By: Xin LIN, Mocong YANG, Xiaojing XU, Haiou YANG, Jing CHEN, Weidong HUANG

State Key Laboratory of Solidification Processing, Northwestern Polytechnical University, Xi’an 710072, P.R.China

With the increasing demand of the aviation and aerospace industries, high temperature titanium alloys are widely used for their excellent combination of high strength-to-weight ratio, excellent high-temperature strength and high oxidation resistance. Especially, the development of high temperature titanium alloys has contributed significantly to the spectacular progress in thrust-to-weight ratio of the aero engine. For most of the titanium alloys components used in the supersonic aircraft and aero-engine et al., only local area of the entire component will encounter extreme high temperature, and therefore they need not be made of mono-composition high temperature titanium alloys, and compositionally or functionally graded materials (FGMs) could be appropriate. In so doing, a significant saving in material cost and weight (especially for Ti2AlNb-based alloys), together with a possible reduction of stress concentration in critical areas, can be achieved. In recent years, combining laser cladding with rapid prototyping (RP) technologies, laser solid forming (LSF) has been shown to be a promising manufacturing technology for FGMs. In this paper, a thin-wall Ti60-Ti2AlNb alloy (Ti60 and Ti2AlNb alloys are positioned for service in 600°C and 850°C, respectively), with continuous composition gradient along the deposited direction, was fabricated by laser solid forming (LSF). The phase morphological evolution and microstructure evolution along the deposited direction were investigated. With the increase of aluminum and niobium contents, a series of phase evolutions along the compositional gradient occurred: a+b ® a+a’ ® a’ ® a+b → a+b/B2+a2 → b/B2+a2 → b/B2+a2+O → B2+O → B2. There is a large composition range from Ti60 to Ti60-60wt.%Ti2AlNb for the existence of a phase. The hardness of the graded material increases with the increase of aluminum and niobium contents, and reaches the maximum with the formation of B2+O phases, then decreases sharply as obtaining the whole B2 phase at the top position of Ti2AlNb parts. Based on the non-equilibrium phase diagram of the Ti-rich corner, the phase morphological evolution during laser solid forming of the graded materials is explained on combining with the analysis of the influence of the Al and Nb on the stabilities of a, a2, b/B2 and O phases in titanium alloys and the effects of recurrent tempering/annealing and heat accumulation in laser solid forming.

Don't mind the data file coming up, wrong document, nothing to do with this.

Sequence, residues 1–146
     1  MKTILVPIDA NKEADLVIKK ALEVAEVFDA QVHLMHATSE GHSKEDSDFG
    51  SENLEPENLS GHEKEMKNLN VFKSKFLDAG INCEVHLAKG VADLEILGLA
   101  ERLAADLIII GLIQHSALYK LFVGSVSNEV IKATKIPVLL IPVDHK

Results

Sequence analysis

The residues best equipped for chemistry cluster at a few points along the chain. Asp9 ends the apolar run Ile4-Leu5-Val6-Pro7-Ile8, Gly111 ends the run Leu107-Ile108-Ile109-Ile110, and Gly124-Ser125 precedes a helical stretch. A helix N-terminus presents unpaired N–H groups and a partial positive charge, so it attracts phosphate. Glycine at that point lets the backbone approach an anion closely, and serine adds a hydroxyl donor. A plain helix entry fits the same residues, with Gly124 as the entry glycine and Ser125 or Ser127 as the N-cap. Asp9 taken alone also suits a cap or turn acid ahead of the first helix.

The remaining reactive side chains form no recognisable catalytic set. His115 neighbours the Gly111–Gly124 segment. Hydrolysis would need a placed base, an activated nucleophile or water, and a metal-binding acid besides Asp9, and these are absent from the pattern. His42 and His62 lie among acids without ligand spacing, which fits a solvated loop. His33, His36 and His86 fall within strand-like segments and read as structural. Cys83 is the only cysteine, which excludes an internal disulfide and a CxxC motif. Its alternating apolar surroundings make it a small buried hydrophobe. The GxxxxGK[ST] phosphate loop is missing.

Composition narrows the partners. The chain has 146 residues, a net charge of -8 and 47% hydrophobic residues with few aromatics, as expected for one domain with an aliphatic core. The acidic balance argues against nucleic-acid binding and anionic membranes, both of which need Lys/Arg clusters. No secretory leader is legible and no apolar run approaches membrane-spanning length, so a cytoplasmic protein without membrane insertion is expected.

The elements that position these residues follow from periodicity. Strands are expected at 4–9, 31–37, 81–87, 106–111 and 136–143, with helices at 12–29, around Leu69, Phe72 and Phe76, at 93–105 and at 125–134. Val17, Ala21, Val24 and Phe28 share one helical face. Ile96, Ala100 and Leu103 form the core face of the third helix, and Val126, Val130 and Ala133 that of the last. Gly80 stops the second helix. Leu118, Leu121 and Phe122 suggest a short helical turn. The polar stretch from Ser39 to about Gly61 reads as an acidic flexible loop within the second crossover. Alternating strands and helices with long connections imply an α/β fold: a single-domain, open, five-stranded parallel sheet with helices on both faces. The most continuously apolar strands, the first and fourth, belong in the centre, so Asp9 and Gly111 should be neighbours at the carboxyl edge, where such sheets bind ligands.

Figure 1 The XRD patterns of the graded material measured along the compositions gradient.

The above brief overview was extracted from its original abstract and paper presented at The International Congress on Applications of Lasers & Electro-Optics (ICALEO) in Orlando, FL. To order a copy of the complete proceedings from this conference click here

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